Forum for Science, Industry and Business

Sponsored by:     3M 
Search our Site:

 

Brain tumors fly under the body's radar like stealth jets, new U-M research suggests

07.08.2014

Extra protein on surface of early-stage glioma cells evades immune response

Brain tumors fly under the radar of the body's defense forces by coating their cells with extra amounts of a specific protein, new research shows.


In mice whose brain tumor cells (in green) couldn't make galectin-1, the body's immune system was able to recognize and attack the cells, causing them to die. In this microscope image, the orange areas show where tumor cells had died in just the first three days after the tumor was implanted in the brain. Six days later, the tumor had been eradicated.

Credit: University of Michigan Medical School

Like a stealth fighter jet, the coating means the cells evade detection by the early-warning immune system that should detect and kill them. The stealth approach lets the tumors hide until it's too late for the body to defeat them.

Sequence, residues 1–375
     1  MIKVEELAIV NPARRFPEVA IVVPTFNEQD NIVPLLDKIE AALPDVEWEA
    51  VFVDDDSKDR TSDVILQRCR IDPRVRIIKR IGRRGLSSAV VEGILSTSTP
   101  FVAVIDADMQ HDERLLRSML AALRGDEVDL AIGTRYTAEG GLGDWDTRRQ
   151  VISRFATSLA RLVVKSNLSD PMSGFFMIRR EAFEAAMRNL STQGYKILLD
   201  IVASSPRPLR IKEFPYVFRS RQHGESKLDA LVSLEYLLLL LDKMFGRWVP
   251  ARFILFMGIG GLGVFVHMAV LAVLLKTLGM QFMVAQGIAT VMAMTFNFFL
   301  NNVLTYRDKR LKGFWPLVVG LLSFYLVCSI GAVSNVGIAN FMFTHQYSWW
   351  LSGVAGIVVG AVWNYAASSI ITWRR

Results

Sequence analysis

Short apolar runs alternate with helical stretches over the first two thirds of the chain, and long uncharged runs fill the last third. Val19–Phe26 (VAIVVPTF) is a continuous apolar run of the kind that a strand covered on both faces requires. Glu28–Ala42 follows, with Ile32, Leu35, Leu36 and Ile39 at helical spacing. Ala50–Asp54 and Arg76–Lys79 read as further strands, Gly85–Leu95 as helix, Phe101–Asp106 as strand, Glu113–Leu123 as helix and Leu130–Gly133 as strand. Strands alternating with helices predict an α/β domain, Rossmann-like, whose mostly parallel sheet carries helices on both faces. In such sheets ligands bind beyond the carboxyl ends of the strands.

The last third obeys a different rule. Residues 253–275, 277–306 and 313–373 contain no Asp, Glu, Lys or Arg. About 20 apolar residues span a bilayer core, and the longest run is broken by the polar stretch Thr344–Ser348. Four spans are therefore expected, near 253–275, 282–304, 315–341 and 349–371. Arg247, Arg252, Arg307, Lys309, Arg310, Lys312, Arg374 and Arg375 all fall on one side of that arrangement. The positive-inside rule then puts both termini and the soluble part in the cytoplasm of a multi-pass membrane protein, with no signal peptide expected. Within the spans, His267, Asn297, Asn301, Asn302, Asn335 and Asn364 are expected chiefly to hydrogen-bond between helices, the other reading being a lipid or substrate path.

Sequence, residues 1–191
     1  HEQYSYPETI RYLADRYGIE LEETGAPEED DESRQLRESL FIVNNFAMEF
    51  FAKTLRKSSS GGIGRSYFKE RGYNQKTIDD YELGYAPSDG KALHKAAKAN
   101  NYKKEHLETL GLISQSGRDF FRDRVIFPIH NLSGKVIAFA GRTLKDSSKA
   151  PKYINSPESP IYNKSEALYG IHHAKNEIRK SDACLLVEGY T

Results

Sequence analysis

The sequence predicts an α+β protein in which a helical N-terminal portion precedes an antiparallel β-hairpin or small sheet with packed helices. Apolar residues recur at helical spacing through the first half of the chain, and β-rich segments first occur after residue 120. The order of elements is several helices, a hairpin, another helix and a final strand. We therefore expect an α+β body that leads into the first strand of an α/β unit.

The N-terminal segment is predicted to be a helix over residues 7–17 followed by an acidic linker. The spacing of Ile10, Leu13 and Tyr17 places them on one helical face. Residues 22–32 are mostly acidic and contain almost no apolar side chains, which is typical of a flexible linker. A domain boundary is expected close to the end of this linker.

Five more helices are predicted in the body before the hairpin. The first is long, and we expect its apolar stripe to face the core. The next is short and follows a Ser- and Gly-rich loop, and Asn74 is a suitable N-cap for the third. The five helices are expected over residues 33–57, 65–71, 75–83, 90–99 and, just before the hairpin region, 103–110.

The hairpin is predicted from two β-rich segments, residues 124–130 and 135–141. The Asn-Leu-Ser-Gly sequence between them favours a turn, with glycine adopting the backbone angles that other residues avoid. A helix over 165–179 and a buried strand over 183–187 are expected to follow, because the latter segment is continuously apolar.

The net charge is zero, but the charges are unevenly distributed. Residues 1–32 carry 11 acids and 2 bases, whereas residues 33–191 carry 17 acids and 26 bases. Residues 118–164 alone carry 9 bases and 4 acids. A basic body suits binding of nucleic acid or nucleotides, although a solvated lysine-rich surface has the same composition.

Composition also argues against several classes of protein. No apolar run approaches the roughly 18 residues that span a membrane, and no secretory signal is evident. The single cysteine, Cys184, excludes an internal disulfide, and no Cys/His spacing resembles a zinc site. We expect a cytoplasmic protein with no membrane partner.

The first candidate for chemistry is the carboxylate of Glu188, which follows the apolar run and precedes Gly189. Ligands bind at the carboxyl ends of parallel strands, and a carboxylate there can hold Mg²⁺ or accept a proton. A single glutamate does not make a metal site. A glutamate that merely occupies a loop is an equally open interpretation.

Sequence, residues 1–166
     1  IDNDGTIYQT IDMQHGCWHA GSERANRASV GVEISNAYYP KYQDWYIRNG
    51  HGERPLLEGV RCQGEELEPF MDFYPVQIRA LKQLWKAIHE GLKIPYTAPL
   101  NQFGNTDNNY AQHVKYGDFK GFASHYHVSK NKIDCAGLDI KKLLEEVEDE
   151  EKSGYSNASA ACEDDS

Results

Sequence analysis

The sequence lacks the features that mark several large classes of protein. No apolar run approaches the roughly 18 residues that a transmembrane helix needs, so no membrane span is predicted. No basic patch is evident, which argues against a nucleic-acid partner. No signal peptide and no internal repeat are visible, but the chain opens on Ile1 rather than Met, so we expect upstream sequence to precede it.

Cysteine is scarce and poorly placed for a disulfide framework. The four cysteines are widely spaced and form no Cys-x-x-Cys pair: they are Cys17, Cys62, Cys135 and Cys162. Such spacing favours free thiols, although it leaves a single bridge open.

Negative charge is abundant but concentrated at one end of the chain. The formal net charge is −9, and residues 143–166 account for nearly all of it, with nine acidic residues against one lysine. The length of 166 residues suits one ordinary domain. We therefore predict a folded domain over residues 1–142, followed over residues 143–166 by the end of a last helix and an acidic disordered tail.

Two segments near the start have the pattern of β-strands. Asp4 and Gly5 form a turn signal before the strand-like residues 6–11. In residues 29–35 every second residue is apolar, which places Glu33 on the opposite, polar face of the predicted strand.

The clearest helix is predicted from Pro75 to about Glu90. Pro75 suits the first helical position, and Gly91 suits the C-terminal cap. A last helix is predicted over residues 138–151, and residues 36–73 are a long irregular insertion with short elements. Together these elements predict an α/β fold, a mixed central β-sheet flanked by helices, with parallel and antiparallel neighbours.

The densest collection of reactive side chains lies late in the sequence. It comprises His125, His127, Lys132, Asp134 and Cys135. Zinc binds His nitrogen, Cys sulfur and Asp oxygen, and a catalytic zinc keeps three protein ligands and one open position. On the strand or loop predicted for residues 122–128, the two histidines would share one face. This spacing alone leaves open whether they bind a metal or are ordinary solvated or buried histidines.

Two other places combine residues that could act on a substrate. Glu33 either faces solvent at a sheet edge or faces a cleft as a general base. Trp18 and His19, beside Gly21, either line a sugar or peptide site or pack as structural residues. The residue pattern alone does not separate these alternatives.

The findings, made in mice and rats, show the key role of a protein called galectin-1 in some of the most dangerous brain tumors, called high grade malignant gliomas. A research team from the University of Michigan Medical School made the discovery and has published it online in the journal Cancer Research.

In a stunning example of scientific serendipity, the team uncovered galectin-1's role by pursuing a chance finding. They had actually been trying to study how the extra production of galectin-1 by tumor cells affects cancer's ability to grow and spread in the brain.

... more about:
»Cancer »Health »ability »coating »dangerous »fly »glioma »immune »malignant »tumors